Think about the amount of times a day you go on the Internet or use your phone. Now think about all the “top secret text messages” you have sent to a friend or about that time you googled something really embarrassing or inappropriate that you swore would have killed you if anyone ever found out.

In reality there is a government machine that is able to see not only those private texts or Internet searches, but also your entire technological life.

Just this year Edward Snowden, a former U.S. intelligence defense contractor leaked top-secret information on this government “machine” that is able to stalk your entire being. This machine can see every US citizen’s personal texts, Internet searches, calls, emails, or any other form of interactions with technology. The fact that a giant computer is keeping track of our every move seems more like a plot from a futuristic sci-fi novel, not the actions of a democratic government.

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We are not the only country who the US government has kept tags on. The whole NSA scare has been brought back up with a large backlash from France, who recently discovered that the US government had been using the same technology to watch over them. America has records of over 70 million French citizens’ phone calls from only one year. Making sure to not be outdone by the French, the news of the US getting caught in another spying incident has only drastically increased the paranoia of the American public.

It is this exact fear that has caused many to think of Edward Snowden as a hero, rather than as a traitor to the country. Many think he took a courageous stand in revealing what he believed the people deserve to know rather than the censored information the government feeds us. 

Personally, I believe that Snowden should not be celebrated as a hero, however citizens should also not just brush off the information he has leaked. It is our constitutional right as American citizens that we will not be subjected to unreasonable searches. It clearly states in Amendment IV that  “The right of the people to be secure in their persons, houses, papers, and effects, against unreasonable searches and seizures, shall not be violated ... ”

Although the founding fathers obviously did not have Internet and the technology we have today while writing the Constitution, it is undoubtedly true that the government does not have the right to search through our private information without a warrant. This means the government’s current actions are completely unconstitutional.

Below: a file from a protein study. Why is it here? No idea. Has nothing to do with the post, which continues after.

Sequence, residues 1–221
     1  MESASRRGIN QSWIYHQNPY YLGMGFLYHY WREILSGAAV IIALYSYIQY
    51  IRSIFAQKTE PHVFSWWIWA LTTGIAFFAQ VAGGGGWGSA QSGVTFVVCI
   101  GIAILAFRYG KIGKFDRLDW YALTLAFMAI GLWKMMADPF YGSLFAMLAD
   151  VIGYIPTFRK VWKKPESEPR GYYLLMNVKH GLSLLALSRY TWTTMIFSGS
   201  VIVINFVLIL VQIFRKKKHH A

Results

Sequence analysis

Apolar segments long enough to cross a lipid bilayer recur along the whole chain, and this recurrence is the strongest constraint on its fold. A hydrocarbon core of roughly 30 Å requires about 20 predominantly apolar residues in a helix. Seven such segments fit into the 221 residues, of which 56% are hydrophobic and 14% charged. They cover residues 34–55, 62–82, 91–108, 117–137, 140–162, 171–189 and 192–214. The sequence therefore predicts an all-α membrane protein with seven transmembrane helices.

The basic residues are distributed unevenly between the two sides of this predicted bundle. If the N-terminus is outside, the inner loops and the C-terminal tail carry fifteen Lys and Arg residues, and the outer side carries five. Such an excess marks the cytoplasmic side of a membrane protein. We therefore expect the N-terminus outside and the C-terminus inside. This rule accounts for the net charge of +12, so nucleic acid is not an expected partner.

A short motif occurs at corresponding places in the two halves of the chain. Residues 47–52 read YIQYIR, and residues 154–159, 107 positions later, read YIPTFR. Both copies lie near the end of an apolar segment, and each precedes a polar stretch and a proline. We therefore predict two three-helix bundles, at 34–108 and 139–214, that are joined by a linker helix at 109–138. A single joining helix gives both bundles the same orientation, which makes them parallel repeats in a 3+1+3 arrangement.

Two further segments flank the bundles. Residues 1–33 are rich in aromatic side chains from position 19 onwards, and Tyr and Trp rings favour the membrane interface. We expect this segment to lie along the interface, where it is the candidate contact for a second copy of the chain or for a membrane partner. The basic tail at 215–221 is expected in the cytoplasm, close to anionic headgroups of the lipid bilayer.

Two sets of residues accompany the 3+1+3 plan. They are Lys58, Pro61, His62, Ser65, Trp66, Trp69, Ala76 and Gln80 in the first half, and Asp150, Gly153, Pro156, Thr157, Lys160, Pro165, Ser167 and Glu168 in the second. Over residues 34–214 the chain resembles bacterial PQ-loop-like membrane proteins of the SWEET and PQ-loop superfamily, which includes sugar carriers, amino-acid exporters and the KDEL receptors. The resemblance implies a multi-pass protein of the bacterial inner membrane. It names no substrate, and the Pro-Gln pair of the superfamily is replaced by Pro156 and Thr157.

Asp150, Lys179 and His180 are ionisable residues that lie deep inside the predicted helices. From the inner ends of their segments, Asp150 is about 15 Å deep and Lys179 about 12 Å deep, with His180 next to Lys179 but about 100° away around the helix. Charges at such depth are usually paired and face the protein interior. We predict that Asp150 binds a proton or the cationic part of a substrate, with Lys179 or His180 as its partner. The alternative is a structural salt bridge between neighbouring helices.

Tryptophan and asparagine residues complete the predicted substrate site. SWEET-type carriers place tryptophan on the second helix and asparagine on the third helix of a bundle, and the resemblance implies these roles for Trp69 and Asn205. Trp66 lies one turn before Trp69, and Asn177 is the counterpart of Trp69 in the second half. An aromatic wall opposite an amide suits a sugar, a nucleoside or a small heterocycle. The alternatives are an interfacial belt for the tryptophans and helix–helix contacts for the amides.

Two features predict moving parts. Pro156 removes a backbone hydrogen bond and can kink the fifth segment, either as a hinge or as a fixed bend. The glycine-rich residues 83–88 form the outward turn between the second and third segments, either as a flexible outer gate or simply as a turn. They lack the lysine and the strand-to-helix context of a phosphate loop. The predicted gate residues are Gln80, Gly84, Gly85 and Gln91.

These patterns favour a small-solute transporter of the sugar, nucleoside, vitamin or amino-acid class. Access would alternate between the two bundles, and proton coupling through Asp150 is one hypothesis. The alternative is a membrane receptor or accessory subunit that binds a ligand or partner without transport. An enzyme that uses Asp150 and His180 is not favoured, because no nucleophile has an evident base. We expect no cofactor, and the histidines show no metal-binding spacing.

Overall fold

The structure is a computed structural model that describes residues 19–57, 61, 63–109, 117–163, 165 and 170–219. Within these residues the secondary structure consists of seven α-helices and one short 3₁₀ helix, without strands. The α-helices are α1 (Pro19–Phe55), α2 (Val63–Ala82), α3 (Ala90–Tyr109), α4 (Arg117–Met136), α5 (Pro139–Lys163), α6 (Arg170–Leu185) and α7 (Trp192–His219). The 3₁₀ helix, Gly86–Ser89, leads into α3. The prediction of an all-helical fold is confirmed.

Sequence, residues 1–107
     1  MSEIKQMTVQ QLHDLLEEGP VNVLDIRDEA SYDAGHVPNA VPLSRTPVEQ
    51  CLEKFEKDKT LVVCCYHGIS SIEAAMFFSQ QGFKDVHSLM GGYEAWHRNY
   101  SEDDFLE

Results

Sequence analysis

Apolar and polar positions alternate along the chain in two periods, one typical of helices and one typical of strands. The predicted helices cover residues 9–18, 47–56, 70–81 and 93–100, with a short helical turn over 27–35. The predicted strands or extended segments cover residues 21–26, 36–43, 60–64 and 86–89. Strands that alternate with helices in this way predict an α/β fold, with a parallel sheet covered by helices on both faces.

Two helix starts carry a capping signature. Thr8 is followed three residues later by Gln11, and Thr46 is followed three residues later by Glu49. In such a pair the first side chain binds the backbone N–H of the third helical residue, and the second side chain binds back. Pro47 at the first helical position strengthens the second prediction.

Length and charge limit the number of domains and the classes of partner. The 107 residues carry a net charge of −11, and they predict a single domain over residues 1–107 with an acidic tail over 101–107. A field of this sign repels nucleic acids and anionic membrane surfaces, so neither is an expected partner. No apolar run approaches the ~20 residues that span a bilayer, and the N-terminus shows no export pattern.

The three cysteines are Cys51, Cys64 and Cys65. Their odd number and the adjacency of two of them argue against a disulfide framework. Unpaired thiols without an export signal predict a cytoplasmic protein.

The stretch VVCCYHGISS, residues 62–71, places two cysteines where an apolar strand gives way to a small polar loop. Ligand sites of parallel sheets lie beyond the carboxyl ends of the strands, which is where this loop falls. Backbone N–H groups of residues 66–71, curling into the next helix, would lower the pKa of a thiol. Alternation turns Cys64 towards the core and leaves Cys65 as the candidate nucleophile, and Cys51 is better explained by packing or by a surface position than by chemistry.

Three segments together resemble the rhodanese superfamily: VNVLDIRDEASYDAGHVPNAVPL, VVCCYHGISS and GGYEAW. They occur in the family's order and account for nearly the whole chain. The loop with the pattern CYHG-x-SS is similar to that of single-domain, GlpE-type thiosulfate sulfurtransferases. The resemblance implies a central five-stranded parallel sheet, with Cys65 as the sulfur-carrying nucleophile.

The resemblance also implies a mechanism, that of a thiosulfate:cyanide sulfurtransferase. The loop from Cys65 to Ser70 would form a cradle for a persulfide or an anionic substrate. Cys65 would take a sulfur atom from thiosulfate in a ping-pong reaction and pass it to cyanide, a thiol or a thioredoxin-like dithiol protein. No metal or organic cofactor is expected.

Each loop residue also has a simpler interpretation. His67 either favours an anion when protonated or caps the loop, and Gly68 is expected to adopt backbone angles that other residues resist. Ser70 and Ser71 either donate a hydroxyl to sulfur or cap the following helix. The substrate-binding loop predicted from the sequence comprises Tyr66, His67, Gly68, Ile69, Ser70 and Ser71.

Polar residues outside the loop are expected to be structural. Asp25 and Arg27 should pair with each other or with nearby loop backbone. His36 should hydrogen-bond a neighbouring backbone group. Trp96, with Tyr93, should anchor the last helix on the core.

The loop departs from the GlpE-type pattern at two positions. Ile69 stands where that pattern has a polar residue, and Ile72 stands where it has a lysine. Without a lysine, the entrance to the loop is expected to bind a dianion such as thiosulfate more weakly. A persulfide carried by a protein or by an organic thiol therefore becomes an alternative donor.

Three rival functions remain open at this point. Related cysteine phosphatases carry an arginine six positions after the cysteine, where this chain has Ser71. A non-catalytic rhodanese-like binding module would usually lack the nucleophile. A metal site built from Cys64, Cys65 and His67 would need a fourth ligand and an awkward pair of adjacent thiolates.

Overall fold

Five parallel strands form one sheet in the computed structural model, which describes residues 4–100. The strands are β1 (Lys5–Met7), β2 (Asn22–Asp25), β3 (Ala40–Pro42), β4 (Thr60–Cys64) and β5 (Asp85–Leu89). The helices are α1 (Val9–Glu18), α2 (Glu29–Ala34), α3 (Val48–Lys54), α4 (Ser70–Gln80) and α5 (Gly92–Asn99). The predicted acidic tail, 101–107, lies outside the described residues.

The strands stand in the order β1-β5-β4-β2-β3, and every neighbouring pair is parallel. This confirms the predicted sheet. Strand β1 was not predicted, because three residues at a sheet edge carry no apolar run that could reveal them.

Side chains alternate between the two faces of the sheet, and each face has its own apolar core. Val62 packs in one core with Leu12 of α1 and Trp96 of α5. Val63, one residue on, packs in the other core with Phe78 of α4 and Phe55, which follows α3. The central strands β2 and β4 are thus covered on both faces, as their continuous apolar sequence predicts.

It may appear that there has been progression in the institution of warrants with the Foreign Intelligence Surveillance Court, however this is not the case. The FISC was created under the Foreign Intelligence Surveillance Act of 1978 to protect American’s fourth Amendment rights, especially dealing with technology. The FISC issues warrants for electronic surveillance, however a majority of these warrants are simply bypassed due to security reasons. Obviously security is an important issue, but in the past denying citizens their believed basic rights lead to a massive war within our own country.

On the other hand, it is hard to ignore the opposition from those who support the NSA. The President and other government officials often justify the over-protective measures as a fight against terrorism. Since 9/11 America has drastically increased its anti-terrorism programs to ensure the safety of its citizens. In a way it is hard to complain about the government compromising privacy for security, especially for those who lost loved ones due to terrorist attacks.

Overall, I believe that there is no answer that will satisfy everyone in this complex problem. There is a huge gray area over the constitutionality of the government’s actions verses the security issues at stake. Over the years there have been many court cases involving the FISC and government investigation without the use of a warrant. Unfortunately, many times the President simply claims that it was for security reasons and the necessity of informing our citizens of the government’s illegal actions are dismissed. It is unjust that the government keeps our citizens completely blind from their power to watch every private electronic detail in our lives. A government that is built off of the ideas of freedom and democracy cannot hide this kind of crucial information from their citizens without casing major speculation. Think about it: If the government has concealed a machine with the power to survey your entire technological life, imagine what else they have been keeping in the shadows.

Natalie Marcotullio is a student at Westfield High School.